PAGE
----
For those who live in hurricane prone areas, hurricanes are not to be taken lightly. Cars can be swept up like paper plates, mobile homes can be displaced several miles, and the debris carried in the swirling wind can cause serious injury, and even death.
No home is ever really immune to a strong hurricane. Just consider hurricane Matthew. Matthew was the first Category 4 Haiti landfall since Hurricane Cleo in 1964, and only the fourth such intensity or stronger hurricane to track within 65 nautical miles of southern Haiti’s Tiburon Peninsula since the 1960s, according to NOAA’s Best Tracks Database, and yet in the Bahamas, it ripped a roof right off a home.
Videos like this leave many homeowners wondering just how they can prevent such a catastrophe from happening to their home.
Here is what FEMA recommends:
Know which type of roof you have. FEMA states that gabled roofs are the most dangerous in a hurricane because being raised off the top of your home offer additional surface area for the wind to hit them. Typically the end wall of a gabled roof home suffers the most wind damage. So if you have a gabled roof home, the first thing you should do is inspect your roof to see how many trusses you have, how your roof is attached to them, and consider installing additional staples to the roof sheathing. Next, consider installing the following three things:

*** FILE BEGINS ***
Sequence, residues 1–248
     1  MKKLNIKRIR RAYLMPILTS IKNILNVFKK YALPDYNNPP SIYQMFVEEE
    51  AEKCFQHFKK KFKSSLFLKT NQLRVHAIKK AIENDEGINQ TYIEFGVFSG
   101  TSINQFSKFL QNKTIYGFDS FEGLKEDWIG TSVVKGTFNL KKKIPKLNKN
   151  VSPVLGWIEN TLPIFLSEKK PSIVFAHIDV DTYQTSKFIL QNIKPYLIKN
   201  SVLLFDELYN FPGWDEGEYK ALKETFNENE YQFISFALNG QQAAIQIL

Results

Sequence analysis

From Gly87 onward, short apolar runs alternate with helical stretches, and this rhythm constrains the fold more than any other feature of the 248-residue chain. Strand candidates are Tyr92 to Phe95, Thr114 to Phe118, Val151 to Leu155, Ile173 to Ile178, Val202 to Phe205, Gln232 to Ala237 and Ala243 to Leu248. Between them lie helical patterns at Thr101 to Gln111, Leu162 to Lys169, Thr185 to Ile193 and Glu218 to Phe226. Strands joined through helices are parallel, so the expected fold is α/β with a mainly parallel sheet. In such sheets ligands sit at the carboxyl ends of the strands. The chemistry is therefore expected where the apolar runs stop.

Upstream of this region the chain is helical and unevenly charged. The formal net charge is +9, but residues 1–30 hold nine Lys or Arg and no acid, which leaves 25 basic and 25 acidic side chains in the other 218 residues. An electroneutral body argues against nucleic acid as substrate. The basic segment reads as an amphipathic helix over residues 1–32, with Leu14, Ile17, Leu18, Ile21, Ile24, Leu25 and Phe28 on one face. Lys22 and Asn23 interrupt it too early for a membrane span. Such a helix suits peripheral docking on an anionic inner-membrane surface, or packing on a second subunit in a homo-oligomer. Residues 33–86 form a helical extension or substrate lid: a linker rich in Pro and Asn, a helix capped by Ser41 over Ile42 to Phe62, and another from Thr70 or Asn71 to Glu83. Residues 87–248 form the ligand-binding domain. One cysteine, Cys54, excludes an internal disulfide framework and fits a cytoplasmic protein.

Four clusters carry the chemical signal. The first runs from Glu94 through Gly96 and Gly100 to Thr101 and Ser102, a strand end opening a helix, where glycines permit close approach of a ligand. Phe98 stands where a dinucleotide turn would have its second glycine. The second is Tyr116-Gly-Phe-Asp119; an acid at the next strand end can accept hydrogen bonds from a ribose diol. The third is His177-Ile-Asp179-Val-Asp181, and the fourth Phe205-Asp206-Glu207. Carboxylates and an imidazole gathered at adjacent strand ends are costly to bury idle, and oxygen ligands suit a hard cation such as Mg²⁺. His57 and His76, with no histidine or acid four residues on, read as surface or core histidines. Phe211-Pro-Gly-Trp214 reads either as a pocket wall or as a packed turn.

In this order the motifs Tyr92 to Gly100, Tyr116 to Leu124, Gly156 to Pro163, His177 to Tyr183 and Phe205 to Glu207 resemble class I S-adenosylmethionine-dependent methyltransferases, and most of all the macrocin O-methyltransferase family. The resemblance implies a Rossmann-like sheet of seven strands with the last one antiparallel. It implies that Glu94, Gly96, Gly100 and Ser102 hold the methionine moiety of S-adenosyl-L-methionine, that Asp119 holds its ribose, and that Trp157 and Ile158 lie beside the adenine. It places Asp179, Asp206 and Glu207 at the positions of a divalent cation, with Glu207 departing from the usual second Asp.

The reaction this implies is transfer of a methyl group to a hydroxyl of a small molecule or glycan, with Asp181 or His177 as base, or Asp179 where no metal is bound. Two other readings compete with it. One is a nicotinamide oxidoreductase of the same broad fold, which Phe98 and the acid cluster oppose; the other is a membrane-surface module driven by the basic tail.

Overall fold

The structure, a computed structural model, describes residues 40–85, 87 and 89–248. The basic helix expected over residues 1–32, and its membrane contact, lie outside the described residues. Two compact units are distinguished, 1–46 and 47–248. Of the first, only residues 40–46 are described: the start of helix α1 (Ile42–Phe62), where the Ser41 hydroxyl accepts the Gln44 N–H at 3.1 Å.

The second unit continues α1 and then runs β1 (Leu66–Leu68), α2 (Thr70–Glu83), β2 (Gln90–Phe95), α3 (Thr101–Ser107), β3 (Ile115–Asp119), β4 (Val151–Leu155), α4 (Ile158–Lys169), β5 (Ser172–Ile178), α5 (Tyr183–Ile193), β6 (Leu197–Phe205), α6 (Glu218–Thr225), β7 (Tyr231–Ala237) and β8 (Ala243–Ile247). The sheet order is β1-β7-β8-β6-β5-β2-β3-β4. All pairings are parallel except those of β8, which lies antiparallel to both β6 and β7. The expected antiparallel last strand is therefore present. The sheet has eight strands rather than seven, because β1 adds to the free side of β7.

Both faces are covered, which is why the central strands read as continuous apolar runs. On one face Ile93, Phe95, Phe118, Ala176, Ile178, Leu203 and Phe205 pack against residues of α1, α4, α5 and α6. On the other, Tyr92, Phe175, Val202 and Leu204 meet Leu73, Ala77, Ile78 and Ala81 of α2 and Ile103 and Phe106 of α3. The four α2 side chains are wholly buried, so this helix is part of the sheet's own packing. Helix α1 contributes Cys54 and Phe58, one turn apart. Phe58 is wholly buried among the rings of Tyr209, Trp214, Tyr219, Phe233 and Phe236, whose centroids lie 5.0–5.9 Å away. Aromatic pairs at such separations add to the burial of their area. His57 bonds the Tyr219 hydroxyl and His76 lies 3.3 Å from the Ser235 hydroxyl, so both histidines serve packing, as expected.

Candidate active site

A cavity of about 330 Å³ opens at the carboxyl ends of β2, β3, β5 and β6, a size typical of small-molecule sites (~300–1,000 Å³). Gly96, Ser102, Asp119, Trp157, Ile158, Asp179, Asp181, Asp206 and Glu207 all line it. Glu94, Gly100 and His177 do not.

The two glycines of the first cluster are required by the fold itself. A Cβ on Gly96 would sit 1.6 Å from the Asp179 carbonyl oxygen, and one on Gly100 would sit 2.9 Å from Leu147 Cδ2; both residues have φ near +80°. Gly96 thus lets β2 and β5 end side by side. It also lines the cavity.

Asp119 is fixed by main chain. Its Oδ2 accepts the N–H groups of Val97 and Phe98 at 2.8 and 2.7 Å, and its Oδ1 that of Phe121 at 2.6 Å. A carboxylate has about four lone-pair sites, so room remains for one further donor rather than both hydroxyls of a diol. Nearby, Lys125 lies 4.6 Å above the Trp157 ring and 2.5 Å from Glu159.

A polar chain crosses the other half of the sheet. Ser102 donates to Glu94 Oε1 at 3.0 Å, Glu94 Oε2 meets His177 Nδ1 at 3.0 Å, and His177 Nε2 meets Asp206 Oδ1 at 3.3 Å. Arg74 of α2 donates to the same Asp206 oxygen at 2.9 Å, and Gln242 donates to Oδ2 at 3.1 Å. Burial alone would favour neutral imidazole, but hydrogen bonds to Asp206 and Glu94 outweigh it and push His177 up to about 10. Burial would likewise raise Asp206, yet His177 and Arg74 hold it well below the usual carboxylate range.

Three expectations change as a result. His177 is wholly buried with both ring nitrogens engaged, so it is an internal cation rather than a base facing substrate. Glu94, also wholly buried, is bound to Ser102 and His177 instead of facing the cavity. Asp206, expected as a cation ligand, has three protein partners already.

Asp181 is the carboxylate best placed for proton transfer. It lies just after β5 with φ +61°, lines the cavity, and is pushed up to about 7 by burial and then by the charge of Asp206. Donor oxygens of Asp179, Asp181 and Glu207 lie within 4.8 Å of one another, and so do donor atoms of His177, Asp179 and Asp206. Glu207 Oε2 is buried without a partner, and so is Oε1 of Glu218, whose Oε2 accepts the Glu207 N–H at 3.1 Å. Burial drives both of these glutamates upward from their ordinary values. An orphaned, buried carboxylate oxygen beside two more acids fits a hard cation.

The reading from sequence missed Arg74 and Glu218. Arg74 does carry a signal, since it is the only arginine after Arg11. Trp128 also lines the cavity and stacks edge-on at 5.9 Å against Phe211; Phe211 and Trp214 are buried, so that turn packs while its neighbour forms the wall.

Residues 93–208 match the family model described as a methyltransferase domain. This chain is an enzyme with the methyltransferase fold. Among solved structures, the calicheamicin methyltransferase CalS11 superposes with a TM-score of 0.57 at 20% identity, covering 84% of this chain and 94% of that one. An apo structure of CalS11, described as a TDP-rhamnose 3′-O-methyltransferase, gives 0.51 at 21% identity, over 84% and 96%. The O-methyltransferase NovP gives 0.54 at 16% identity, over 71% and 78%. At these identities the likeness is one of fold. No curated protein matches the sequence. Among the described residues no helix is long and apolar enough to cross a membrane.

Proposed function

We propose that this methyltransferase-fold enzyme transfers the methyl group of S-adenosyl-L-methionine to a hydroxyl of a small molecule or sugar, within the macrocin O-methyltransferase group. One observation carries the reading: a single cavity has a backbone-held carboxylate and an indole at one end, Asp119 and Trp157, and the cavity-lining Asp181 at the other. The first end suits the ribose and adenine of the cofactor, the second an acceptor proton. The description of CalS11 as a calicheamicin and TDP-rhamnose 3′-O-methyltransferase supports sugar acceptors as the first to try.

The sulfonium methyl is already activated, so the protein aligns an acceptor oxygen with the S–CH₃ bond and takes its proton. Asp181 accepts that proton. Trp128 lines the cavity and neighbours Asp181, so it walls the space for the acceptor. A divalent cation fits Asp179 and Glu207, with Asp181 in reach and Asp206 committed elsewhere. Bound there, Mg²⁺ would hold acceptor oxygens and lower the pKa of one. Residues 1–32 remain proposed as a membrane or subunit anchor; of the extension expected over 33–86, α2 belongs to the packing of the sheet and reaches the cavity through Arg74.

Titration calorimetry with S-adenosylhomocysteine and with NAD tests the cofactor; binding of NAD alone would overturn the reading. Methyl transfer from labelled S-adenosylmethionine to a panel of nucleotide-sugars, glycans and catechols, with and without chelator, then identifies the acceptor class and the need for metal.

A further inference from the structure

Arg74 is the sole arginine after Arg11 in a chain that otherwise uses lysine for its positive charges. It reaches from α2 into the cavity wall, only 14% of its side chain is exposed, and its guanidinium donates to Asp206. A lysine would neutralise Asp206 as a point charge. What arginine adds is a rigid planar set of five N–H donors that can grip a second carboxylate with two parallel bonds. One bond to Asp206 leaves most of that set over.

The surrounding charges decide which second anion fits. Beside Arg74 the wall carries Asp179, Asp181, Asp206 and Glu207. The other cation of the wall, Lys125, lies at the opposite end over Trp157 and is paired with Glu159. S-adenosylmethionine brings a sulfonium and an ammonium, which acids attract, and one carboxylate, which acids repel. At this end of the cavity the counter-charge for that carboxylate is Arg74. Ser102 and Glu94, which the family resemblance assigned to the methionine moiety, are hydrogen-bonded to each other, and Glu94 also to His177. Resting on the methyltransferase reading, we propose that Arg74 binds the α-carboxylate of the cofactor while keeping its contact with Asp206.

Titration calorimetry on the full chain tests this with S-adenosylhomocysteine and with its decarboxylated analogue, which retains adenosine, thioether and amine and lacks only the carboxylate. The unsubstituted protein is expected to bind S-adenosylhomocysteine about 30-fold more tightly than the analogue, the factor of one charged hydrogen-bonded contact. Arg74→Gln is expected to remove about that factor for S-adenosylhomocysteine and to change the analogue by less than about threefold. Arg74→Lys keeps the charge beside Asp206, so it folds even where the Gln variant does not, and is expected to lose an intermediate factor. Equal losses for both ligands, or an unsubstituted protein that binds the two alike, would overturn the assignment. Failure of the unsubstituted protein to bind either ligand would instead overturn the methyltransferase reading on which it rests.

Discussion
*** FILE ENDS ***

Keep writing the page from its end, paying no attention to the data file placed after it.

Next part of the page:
- Truss Braces. Truss braces are 2 x 4s that run the length of your roof, overlapping the braces. FEMA recommends truss braces be installed at the base of your roof, 18” from the ridge, and in the center span with 8-10 feet in between each truss.
- Gable End Bracing. Gable end bracing consists of installing 2x 4s in an X pattern, with one end at the top center of the gable, and one end on the bottom center brace of the fourth truss. Then another 2 x 4 is placed with one end at the bottom center of the gable and another at the top center brace of the fourth truss.
- Hurricane Straps. Designed to hold your roof to your walls, hurricane straps come in many different styles and sizes. Most important, according to FEMA is to make sure they are installed correctly – which usually requires a professional.
Following the steps above should not only lead to a more secure and safer roof in the event of the hurricane, but might also mean the difference between your roof staying on, or flying off.
This article is brought to you by ASAP Roofing, a national leader in hail damage restoration. ASAP has offices in Denver, Colorado, Indianapolis, Indiana, Dallas, Texas, New Orleans, Louisiana, and Atlanta, Georgia.